The 2016 Olympic Games are just around the corner, but according to a Rio de Janeiro urban planner, the grand event will widen the gap between the wealthy and the poor in the already socially stratified city.
Orlando Santos Jr. of the Federal University of Rio de Janeiro helped research a 190-page report that cites abuses linked to the games and questions the legacy for most of Rio’s 12 million residents.
“Rio is already a very unequal city,” Santos told The Associated Press. “After the games it will be even more unfair and segregated. There will be more wealth in a few areas, but no improvement for most people.”
However, a Rio city government spokeswoman contested the findings, but said city officials had not seen the entire report and declined to comment.
In an email, the city said transportation projects being built for the Olympics — a new subway line extension and high-speed buses — would speed commuting time.
The city said “due to the Olympics” Rio de Janeiro has been able to improve education, health care and housing. It has repeatedly said that out of the total games’ budget of 38.7 billion reals ($10 billion), 57 percent is private money and only 43 percent public.
The report titled “Rio 2016 Olympics: The Exclusion Games” suggests areas the Switzerland-based International Olympic Committee should monitor.
The report coincides with President Thomas Bach saying last week the IOC would start auditing money it hands out to sports organizations, including the $1.5 billion it is giving to Rio organizers to prepare South America’s first games.
The white paper by “The Popular Committee for the Cup and Olympics” touches on games-related security, police violence, transportation, spending and housing.
A few highlights:
The report disputes the city government’s contention that most of them money for the Olympics is from private sources. It concludes that 62 percent is government money and cites documents from the Olympic Public Authority, an agency comprising all three levels of government set up to oversee games’ spending.
The report says the private sector is paying less than 38 percent of the costs of the games — not 57 percent as Rio Mayor Eduardo Paes contends.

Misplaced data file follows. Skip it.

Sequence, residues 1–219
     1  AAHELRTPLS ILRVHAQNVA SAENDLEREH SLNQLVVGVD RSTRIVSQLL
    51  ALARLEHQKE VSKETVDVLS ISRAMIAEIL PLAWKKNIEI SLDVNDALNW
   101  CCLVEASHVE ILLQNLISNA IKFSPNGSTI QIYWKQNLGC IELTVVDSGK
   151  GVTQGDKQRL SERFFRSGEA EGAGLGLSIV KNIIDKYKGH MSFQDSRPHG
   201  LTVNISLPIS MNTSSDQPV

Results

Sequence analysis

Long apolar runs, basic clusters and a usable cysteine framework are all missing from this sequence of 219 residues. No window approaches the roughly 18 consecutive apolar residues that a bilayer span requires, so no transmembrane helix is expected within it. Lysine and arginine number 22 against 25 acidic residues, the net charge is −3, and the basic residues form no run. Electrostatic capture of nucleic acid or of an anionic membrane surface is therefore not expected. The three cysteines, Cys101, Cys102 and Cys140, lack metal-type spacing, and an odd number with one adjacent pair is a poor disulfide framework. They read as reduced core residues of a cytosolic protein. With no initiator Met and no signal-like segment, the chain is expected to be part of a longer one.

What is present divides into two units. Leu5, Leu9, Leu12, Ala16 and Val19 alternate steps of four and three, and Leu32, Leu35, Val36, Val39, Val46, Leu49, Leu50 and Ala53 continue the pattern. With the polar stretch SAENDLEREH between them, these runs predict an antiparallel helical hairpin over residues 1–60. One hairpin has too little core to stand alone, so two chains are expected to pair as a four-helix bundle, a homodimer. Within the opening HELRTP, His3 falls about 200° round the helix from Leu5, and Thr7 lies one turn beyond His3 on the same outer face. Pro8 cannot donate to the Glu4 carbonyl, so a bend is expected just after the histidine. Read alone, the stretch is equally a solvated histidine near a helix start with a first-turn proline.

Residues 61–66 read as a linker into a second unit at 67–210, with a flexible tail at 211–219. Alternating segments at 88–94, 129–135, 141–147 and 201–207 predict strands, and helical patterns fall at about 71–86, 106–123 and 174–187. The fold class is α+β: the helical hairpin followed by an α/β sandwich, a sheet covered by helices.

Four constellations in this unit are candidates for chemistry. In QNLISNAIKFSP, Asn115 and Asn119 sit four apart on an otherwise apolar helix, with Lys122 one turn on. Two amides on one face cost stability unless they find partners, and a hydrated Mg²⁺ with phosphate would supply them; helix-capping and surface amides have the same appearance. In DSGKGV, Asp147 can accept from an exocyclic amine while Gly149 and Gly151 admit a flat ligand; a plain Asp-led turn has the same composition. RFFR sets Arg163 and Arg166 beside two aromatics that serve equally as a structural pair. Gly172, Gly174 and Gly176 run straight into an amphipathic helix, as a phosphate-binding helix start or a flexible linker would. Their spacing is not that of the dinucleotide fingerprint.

It says the city’s accounting involves “omission of costs directly associated” with holding the games.
“In the current financing structure created by the IOC, the Olympics are not good at promoting social fairness,” Santos said. “They (the IOC) are a billion-dollar business, which is OK. But the business has to serve a wider interest of Brazilian people.”
Citing information provided by the Rio city hall, the report says 22,059 families have lost their homes (a total of 77,206 people) between 2009-2015 from infrastructure projects related to last year’s World Cup and the Olympics. The report estimates “at least 4,120 families have been removed and 2,486 remain under threat of removal by reasons directly or indirectly related to the Olympic project.”
The city hall says most displacements are unrelated to the big sports events.
“In the recent era the Olympics have been used as basically a steamroller to roll over marginalized communities,” said American political scientist Jules Boykoff, who has written three books on the Olympics and is in Rio on a Fulbright research fellowship.
“We’ve seen it in prior places like Beijing, London and to a certain degree in Vancouver as well,” Boykoff added. “This has become a bit of an Olympic tradition.”
The report said real estate prices near the Olympic Park in suburban Barra da Tijuca have increased by at least 200 percent, pulling in speculators and pushing out long-time residents.
Boykoff, who contributed to the report, suggested the IOC should give away free Olympic tickets as a gesture of inclusion.
Mayor Paes promised a year ago to buy 1.2 million of the 7.5 million tickets to be issued for the games and distribute them to schools and poor children. He made the pledge after the 2014 World Cup when Brazil’s poor were excluded by high ticket prices.
“We are trying to do something more democratic,” Paes said at the time.
Paes has been praised by the IOC and is widely believed to have presidential aspirations.
The promise has not been kept, and the city hall did not reply to several requests from AP for comment.
Selling the 7.5 million tickets is a vital source of revenue for the 7.4 billion real ($2 billion) operating budget.
To their credit, Rio organizers have tried to make tickets affordable for local residents.
Track and field is king at the Olympics. But the sport will leave very little legacy in Rio.
The report notes that Rio’s main track and field training facility — the Celio de Barros Stadium — has been closed since 2013 and will not be reopened before the Olympics.
The running track in central Rio has been torn up and used as a parking lot.
Brazil is expected to do poorly in track and field at the Olympics.
The main sporting legacy will be three sports halls, a velodrome, tennis center and golf course built in suburban Barra da Tijuca, the heart of the games.